Teams search Ind. pond for victims of tornado

Ten-year-old girl found alive near lake

her parents are among the dead


EVANSVILLE, IND. -- It was only a 6-foot deep retention pond, but for the hundreds of people who lived at the Eastbrook Mobile Home Park, it was a lake, a pleasant diversion from the straight streets, right angles and modular sameness of their trailer community.

Yesterday, the small lake on the eastern edge of Evansville provided some of the final stories of survival and death as recovery teams drained the water and raked through the mud and debris in search of victims of a deadly early morning tornado that destroyed the mobile home park. At least 22 people were killed.

After scouring the rubble this weekend, the last place to search was the lake.

The 7-acre lake - specifically the thick muck at the water's edge - probably saved the life of 10-year-old Jazmyn Rene Bingman, who was yanked from her bed by the force of the tornado.

"They found her in that pond area," said Ryan Bingman, the girl's grandfather. "She was just covered with mud. The mud probably saved her."

But yesterday, recovery teams pulled the body of Jazmyn's stepfather, Michael Holbert, from the same lake. Jazmyn's mother, Amy Holbert, was found dead on Sunday.

Officials continued winnowing a list of missing people who might have been in the mobile home park when the tornado roared through two southern Indiana counties that hug the Ohio River. Recovery workers began draining the retention pond, which was too clogged with debris to be dragged.

The list of people reported missing was six pages long by the end of Sunday, said Vanderburgh County Sheriff Brad Ellsworth. Some people had been reported by loved ones, other names were collected based on the license plates of cars at the mobile home park, Ellsworth said.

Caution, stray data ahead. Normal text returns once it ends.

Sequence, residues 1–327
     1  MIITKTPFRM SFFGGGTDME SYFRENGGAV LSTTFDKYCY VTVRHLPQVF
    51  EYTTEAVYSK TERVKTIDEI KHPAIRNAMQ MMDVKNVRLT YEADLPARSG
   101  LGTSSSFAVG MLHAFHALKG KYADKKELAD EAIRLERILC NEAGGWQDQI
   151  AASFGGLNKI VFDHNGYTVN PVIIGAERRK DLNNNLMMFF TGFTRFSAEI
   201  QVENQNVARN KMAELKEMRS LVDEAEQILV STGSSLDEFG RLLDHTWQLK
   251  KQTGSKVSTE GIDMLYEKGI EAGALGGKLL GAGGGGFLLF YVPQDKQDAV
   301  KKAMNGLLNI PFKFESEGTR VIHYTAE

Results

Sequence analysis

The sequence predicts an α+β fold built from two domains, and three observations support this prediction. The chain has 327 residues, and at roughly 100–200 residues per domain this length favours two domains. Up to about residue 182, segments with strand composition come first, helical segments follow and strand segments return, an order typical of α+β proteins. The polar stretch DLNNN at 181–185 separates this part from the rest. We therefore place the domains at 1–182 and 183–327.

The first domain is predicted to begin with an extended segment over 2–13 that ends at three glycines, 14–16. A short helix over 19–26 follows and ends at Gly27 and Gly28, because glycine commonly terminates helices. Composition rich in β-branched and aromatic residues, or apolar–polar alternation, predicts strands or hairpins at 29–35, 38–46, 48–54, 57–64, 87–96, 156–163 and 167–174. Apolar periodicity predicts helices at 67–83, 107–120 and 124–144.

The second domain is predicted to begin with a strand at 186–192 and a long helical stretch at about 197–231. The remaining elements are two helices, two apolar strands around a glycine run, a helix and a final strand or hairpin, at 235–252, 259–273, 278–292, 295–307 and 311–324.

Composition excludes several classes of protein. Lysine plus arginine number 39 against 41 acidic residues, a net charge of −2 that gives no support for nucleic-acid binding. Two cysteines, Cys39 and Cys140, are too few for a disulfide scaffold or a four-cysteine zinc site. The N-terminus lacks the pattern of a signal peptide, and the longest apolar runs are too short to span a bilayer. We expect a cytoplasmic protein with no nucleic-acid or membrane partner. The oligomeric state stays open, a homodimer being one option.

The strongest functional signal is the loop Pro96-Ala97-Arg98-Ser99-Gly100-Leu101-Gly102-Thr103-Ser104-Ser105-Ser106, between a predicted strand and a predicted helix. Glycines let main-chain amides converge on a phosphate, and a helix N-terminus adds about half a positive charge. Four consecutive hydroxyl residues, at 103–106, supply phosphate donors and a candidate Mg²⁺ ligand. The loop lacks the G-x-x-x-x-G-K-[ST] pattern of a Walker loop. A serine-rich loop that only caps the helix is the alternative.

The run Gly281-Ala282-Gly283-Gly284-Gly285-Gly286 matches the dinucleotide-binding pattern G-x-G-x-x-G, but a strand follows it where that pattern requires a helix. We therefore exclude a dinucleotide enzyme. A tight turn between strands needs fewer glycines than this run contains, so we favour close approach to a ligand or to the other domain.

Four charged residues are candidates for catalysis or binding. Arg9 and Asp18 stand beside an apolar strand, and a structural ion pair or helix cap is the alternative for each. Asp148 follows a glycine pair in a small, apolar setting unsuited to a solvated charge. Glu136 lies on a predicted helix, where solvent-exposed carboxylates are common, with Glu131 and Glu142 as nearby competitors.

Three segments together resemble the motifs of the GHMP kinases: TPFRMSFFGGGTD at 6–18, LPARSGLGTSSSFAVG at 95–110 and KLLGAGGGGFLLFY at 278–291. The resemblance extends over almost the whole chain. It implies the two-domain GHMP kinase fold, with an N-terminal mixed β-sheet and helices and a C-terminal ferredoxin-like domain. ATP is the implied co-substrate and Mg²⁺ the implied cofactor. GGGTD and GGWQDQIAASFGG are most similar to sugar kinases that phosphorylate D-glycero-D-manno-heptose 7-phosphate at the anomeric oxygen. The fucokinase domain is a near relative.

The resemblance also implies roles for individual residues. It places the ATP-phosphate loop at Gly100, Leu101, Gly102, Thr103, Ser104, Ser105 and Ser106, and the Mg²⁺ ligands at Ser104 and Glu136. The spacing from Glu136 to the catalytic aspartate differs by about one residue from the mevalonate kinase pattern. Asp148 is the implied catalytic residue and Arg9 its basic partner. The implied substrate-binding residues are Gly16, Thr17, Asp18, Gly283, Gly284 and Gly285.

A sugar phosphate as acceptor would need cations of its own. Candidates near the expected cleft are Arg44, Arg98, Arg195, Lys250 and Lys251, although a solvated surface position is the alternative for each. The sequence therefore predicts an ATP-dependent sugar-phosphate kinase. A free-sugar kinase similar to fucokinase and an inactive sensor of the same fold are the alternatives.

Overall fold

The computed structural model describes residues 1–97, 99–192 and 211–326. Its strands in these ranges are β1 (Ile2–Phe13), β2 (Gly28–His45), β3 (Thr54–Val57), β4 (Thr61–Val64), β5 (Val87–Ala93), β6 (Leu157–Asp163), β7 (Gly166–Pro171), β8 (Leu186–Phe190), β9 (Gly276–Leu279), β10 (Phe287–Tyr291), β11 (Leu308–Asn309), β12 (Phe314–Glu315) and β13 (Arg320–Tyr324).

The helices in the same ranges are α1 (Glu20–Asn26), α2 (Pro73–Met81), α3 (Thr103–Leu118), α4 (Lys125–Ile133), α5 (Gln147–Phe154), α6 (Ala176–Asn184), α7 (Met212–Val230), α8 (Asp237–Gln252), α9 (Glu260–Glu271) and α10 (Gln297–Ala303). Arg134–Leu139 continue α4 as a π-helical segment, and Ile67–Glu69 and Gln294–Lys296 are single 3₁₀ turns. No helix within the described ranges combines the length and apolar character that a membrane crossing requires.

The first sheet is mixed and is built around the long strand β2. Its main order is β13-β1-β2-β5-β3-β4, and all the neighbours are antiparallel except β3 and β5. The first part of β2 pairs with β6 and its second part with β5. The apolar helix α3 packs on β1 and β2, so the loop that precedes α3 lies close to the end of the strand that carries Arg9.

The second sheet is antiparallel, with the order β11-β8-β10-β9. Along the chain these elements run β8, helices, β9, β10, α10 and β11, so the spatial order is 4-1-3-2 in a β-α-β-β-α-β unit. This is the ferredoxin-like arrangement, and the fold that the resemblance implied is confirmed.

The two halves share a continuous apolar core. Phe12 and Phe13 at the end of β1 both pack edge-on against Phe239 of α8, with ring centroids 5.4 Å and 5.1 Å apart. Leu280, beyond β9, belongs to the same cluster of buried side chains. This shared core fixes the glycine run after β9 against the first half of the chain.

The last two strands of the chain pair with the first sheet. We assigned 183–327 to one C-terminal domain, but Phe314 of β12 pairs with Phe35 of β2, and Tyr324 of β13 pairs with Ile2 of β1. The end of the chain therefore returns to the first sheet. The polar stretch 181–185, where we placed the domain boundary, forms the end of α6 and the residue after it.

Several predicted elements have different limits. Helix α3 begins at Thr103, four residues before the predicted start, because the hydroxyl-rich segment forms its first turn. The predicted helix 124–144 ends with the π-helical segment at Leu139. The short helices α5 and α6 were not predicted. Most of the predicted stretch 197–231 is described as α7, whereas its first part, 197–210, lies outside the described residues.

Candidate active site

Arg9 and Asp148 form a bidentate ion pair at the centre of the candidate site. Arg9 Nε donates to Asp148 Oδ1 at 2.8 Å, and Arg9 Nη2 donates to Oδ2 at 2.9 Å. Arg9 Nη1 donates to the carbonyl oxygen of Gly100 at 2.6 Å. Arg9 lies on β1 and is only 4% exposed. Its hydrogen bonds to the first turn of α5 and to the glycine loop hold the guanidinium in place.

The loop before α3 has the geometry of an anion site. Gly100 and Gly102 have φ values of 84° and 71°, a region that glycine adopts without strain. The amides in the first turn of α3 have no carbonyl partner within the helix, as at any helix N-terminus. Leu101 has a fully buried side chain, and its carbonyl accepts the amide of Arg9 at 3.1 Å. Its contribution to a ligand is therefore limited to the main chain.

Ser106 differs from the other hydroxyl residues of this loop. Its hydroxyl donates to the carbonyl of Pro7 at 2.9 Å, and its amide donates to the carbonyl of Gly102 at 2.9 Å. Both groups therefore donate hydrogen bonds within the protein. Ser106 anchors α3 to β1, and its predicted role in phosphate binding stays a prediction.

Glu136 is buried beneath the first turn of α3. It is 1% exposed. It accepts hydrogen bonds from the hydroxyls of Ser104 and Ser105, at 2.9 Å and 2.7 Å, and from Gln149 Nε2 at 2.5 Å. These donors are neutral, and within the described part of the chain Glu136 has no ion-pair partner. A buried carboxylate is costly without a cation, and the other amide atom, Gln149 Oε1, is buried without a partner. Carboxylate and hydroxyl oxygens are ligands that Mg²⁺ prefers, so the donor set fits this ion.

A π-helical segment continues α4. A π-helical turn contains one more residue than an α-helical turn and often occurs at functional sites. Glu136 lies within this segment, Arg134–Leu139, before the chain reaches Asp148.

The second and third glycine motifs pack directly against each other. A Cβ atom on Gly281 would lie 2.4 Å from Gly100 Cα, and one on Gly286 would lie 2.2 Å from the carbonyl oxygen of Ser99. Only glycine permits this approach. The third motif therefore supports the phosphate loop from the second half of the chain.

But by last night, Ellsworth said, all those on the list had been accounted for.

"Until we account for every person, we're still concerned about the people missing," he said.

The tornado touched down about 2 a.m. Sunday with winds estimated at more than 200 mph. Most of the victims were asleep at the time. Four people - including a pregnant woman - were killed in neighboring Warrick County, east of Evansville. About 200 people were injured.

State officials said the tornado was the deadliest in Indiana since April 3, 1974, when a series of twisters killed 47 people.

"It was Mother Nature at her most insidious and sneakiest ... to come in the middle of the night in November this way," said Indiana Gov. Mitch Daniels, who declared a state of emergency yesterday and asked President Bush for federal disaster assistance.

Indiana Lt. Gov. Becky Skillman, who toured the damaged region by helicopter and on foot yesterday, said the devastation south of Evansville looked like "toothpicks littering a field." But Skillman said she was most affected by the debris lying on the ground.

"It's just so tough to explain. You're overwhelmed. It's the remains you see, whether it's a little pink child's hanger or the doll by the car," Skillman said.

At St. Mary's Hospital in Evanston, Kathrine Pfingston, 15, sat with a lunch of mashed potatoes and carrots in front of her and family by her bedside as she chatted with a friend about her ordeal. A line of staples was just visible beneath her brown wavy hair. When the storm came, Kathrine took refuge in the bathtub, but was thrown from her home by winds.

She landed on concrete and recalled rescuers standing over her in the darkness. "The fireman said, `We've got a handicapped girl over here. We need to put a warm blanket on her so she doesn't get sick,'" said the girl, who has cerebral palsy. The rescuers put her on a door, then lifted her on the trunk of a sheriff's cruiser, slowly driving her to an ambulance.

When Pfingston coughs, her aching back sends shots of pain through her body, but she said she is more concerned about her 13-year-old brother, William, who lies in a nearby intensive care room, with a broken vertebrae. He is unconscious but his eyelids flutter lightly as his mother, Melinda Pfingston, leans into him and promises days filled with PlayStation games.

"He's better than yesterday," his mother said.

The tornado first touched down in Kentucky, but all of the deaths occurred in Indiana. The youngest victim at the trailer park was a 2-year-old boy who was killed with his 61-year old grandmother, the Vanderburgh County coroner's office said.

Ellsworth said residents of the mobile park would likely be able to return today to gather belongings, or sift through the scattered remains for personal items.

Tonya Maxwell writes for the Chicago Tribune. The Los Angeles Times contributed to this article.

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